Understanding Unassisted Childbirth as a Choice by Sheri McCaskill

            In order to understand why women choose unassisted childbirth (UC) we must first define what the term unassisted childbirth means. In some situations, and reference materials UC is also called free birth, autonomous birth or unhindered birth. (Miller) For the purposes of this project, I am looking to understand only planned out of hospital births without the assistance of a medically trained birth attendant. In some cases, the women who choose UC are trained in attending births in some way, if they were the only trained medical professional in attendance, I still count this as an UC. Women are rarely actually alone for UC and may have family and friends present. (Freeze, 2008)

                    My aim is to understand what motivates women to choose this option, and what kinds of obstacles they may encounter in doing so. Women seem to have many options when it comes to the birth experience in America, yet relatively few choose non-normative, out of hospital births. We have very little data concerning women who choose to give birth without the assistance of a medical professional in the United States (Miller and Schriver, 2012) and I would like to gain a greater depth of understanding into who they are and why some mothers choose something so outside of what the current culture in our country dictates as normal.

                    I believe that women who choose UC do so for a number of reasons. Many of the primary reasons are due to previously negative experiences in hospitals or with medical care providers. Others are personal, spiritual or religious beliefs. Much of the data surrounding the choice in UA is unrecorded or inaccurate due to women feeling stigmatized or judged for their decisions, particularly with medical professional. I believe there will be trends among women who make this choice, not only in previous experience, but in other choices they make regarding their own and their child’s health beyond birth. I believe there is an upward trend in making the choice to birth without medical assistance, and I believe it is important for the medical community as well as the community as a whole to understand more thoroughly the reality of the risks associated with birthing at home and how to best understand the choices women make in a non-judgmental and compassionate way.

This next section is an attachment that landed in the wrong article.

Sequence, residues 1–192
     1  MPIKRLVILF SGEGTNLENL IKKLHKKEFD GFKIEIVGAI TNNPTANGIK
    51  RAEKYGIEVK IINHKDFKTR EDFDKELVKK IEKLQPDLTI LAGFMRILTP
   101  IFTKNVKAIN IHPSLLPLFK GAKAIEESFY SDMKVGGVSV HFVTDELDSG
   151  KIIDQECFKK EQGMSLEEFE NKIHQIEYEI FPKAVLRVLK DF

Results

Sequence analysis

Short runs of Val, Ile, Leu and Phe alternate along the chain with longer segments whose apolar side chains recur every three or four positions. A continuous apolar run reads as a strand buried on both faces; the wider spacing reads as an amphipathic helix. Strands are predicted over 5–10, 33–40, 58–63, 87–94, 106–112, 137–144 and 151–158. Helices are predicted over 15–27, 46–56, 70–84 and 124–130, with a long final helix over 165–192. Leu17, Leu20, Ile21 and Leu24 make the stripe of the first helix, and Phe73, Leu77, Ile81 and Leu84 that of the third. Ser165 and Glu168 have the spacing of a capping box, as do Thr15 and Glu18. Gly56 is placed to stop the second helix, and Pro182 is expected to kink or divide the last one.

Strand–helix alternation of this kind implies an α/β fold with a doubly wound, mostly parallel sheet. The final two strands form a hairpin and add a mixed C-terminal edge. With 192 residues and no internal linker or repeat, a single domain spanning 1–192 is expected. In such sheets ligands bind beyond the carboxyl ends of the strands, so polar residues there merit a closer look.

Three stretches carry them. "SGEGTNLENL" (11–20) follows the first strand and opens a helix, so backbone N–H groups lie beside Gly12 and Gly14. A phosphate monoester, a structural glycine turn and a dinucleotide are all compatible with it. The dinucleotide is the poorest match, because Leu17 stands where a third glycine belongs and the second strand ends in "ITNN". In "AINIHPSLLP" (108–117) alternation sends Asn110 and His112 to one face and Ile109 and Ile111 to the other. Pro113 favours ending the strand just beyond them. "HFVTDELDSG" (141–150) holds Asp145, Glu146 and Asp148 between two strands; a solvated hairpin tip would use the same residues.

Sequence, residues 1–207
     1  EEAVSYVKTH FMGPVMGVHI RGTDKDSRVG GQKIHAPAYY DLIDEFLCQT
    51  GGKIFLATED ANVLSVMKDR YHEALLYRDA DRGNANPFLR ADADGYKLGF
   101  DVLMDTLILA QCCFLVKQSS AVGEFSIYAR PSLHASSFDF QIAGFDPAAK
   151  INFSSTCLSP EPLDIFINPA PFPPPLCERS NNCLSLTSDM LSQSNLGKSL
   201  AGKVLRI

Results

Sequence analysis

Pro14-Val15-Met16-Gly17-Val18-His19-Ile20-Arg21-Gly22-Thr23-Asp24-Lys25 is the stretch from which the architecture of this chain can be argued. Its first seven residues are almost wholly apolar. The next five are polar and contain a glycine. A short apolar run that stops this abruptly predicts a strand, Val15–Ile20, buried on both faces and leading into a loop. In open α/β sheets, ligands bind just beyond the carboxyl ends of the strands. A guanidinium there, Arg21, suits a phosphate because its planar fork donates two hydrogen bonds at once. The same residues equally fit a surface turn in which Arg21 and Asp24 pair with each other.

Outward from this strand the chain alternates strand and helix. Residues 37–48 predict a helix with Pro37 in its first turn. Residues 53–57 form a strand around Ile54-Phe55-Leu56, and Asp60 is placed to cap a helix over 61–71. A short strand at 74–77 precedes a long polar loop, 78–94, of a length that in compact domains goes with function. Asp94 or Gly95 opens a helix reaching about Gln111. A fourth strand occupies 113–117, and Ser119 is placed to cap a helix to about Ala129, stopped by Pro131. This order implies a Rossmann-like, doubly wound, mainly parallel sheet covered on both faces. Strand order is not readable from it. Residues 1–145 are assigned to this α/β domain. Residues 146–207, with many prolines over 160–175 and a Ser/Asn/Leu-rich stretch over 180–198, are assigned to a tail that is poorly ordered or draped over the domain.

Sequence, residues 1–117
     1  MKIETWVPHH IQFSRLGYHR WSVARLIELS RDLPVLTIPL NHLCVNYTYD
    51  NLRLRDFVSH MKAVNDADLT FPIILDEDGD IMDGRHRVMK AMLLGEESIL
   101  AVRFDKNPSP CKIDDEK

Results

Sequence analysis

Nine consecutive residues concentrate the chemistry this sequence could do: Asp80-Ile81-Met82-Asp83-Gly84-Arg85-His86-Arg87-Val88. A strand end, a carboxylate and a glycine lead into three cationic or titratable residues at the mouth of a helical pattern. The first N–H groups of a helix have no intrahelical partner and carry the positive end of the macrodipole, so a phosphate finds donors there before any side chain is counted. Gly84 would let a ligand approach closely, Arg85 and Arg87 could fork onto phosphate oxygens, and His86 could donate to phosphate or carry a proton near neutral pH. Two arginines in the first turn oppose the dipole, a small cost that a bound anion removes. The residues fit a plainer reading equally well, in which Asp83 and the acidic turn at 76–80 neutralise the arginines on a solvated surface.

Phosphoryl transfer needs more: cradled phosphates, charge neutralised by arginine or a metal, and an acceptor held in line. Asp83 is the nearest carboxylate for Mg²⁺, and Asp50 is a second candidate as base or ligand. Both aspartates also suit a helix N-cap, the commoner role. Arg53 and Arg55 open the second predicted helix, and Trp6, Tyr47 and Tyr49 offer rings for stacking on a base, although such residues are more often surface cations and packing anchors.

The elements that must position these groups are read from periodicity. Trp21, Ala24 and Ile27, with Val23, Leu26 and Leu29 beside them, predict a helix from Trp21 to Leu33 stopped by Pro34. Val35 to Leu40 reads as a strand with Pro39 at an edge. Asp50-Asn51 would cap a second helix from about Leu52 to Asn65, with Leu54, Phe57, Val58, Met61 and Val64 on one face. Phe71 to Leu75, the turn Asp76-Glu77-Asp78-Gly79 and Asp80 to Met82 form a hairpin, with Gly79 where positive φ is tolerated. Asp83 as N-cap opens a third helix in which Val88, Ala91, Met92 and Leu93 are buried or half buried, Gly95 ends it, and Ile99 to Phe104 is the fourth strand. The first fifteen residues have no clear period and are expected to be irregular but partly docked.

According to Plested less than 1% of women in the United States choose to give birth at home, and less than 1% of those that do choose to do so unassisted. This is interesting to me since birthing outside the home is such a recent trend from a historical perspective. Women most frequently choose homebirth after having one hospital birth (Rossi and Perfumo, 2018) which leads me to consider the possibility that their hospital experience was a factor in their decision. I’d like to explore the key motivating factors for making the choice to birth unassisted, and what they mean. I will delve deeper into several of the most frequently mentioned reasons for choosing UC.

                    Empowerment was a key term that frequently arose in the literature I examined and is a major self-reported marker of why women choose to birth unassisted. Women mentioned that they feel more in control and proud of the accomplishment when they birth without medical assistance. They feel powerful and independent and want others to understand how empowering the experience can be.